Website revamp!

Scott gave me admin rights to the website, and I’ve gone a bit nuts!


Above: Simon prepping for winch job at Port Waikato


Have a look at some of the new features of the website…..


Core curriculum – this is a work in progress. So far the Podcasts that Andrew Fagan et al. created have been moved here, as well as the obstetric videos that were created last year in conjunction with some of the Auckland midwife educators.

HEMS orientation – a hub for all the orientation information, forms, presentations etc….for the new docs

Equipment training  – all those videos on the computer in the ops room are now available on the website

Simulation – a library of HEMS scenarios


I’m going to keep adding to this – especially the core curriculum side of things. So….watch this space! Let me know if you think of anything that needs to be added or have any suggestions.


MEDUMAT Standard 2 Ventilator

By Dr Brendan Wood – Auckland HEMS Fellow, and Stefan Gabor – Intensive Care Paramedic, Clinical Educator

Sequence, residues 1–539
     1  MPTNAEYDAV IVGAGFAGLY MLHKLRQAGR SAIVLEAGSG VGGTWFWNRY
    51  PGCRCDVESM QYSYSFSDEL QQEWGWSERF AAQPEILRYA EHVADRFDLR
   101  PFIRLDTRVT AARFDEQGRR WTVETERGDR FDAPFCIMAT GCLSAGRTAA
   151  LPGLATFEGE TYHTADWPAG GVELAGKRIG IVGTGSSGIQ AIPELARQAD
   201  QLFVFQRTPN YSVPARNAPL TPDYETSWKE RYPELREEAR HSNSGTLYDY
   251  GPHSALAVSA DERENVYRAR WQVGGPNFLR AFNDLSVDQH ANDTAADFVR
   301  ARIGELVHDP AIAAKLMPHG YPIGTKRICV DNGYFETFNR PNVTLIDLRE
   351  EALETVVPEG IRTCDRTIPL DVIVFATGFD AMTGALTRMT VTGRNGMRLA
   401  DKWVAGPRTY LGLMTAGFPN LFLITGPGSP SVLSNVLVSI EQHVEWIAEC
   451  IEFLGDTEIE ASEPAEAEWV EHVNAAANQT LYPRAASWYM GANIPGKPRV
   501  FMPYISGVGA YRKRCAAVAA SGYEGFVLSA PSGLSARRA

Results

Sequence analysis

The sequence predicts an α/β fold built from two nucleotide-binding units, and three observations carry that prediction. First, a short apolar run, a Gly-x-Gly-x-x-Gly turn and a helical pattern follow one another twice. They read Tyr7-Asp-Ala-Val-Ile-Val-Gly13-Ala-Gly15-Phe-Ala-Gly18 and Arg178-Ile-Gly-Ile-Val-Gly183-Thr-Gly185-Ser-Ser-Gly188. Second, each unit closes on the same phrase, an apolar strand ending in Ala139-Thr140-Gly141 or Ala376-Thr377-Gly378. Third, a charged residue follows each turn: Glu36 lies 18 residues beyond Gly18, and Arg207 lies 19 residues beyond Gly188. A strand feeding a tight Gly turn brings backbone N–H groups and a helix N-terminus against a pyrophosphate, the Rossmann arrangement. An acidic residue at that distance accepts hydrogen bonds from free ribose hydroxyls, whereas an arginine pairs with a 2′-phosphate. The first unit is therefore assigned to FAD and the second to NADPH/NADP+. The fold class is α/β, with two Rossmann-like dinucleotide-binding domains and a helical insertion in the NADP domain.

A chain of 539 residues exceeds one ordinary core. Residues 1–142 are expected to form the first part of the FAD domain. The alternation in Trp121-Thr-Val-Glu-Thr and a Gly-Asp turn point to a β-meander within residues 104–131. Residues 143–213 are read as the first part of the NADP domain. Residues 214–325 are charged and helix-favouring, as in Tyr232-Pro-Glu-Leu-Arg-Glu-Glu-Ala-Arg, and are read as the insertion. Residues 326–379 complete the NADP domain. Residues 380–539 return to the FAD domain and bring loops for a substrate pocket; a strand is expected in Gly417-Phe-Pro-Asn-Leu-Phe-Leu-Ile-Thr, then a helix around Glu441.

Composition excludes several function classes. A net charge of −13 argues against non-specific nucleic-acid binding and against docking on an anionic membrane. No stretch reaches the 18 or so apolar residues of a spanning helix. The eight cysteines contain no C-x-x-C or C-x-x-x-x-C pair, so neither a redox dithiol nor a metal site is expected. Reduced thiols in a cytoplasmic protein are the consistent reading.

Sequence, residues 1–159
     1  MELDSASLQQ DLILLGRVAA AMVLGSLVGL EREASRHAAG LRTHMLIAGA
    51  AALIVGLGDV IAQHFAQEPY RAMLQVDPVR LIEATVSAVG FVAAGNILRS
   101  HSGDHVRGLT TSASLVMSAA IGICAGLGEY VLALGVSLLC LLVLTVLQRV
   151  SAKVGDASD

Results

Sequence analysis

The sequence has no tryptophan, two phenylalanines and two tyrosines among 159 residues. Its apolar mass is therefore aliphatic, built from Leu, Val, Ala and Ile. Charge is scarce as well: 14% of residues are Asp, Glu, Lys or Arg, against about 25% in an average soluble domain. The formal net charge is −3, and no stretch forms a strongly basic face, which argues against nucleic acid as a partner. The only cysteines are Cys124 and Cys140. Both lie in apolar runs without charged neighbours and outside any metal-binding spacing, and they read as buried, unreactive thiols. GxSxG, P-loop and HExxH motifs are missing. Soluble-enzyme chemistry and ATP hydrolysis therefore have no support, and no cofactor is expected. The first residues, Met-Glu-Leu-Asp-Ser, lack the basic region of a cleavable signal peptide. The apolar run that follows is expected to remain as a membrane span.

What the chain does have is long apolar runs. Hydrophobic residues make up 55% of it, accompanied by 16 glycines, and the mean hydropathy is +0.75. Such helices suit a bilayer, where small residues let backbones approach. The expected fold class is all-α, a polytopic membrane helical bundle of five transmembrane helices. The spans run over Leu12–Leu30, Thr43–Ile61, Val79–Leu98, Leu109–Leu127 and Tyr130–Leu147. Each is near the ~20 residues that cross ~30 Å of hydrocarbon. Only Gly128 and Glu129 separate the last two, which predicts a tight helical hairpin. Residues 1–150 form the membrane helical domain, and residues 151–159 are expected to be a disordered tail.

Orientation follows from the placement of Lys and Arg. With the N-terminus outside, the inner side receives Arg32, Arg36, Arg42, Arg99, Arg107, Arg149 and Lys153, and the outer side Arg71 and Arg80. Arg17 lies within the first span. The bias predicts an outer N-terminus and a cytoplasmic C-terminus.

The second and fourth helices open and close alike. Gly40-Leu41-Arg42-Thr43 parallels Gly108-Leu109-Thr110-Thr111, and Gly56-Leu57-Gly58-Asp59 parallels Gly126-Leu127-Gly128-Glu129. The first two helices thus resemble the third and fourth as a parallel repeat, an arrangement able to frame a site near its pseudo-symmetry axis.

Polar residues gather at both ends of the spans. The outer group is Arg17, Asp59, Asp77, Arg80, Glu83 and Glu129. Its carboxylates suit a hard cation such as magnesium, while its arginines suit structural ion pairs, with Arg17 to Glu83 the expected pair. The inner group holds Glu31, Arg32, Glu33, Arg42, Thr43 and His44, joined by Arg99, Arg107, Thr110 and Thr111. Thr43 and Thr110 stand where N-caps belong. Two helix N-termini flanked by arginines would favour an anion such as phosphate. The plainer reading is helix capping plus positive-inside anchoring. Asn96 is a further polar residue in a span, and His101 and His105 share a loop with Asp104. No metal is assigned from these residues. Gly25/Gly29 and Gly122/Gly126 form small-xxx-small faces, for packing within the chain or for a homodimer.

The ARHT has recently purchased the Weinmann Medumat Standard 2 Ventilator. The introduction of a modern transport ventilator will provide the service with additional ventilation and monitoring modalities to improve the care we can offer to our patients. In addition, our new ventilators will allow us to offer non-invasive ventilation which will be a new modality for many of our team. With additional capabilities comes increased complexity both operationally and clinically. The educational team will be commencing a simulation based curriculum shortly to train duty crew in the use of our new ventilators and in that context we would like to provide resources to maximize your learning. Please note that mechanical ventilation is a vast subject and education around this topic will be ongoing.

Click here to access the education package

Checklists – Part 1

By Damjan Gaco, MD, ARHT HEMS Fellow


The origin story of checklists goes as follows: A pilot in the 1930’s stepped off a newly built bomber and said something along the lines of “that is too much plane for one person to handle”. In an ever more complicated world, those words echo true today – especially in the field of medicine. For example, the act of intubation carries many steps – all important: pre-treatment, induction, intubation, back-up plans, confirmation of tube placement, post-tube sedation, and post-intubation care. A post written two years ago by then Auckland HEMS Fellow Dr. Robert Gooch outlines this ever-complicated environment, and the ultimate goal of reducing burden on clinicians.

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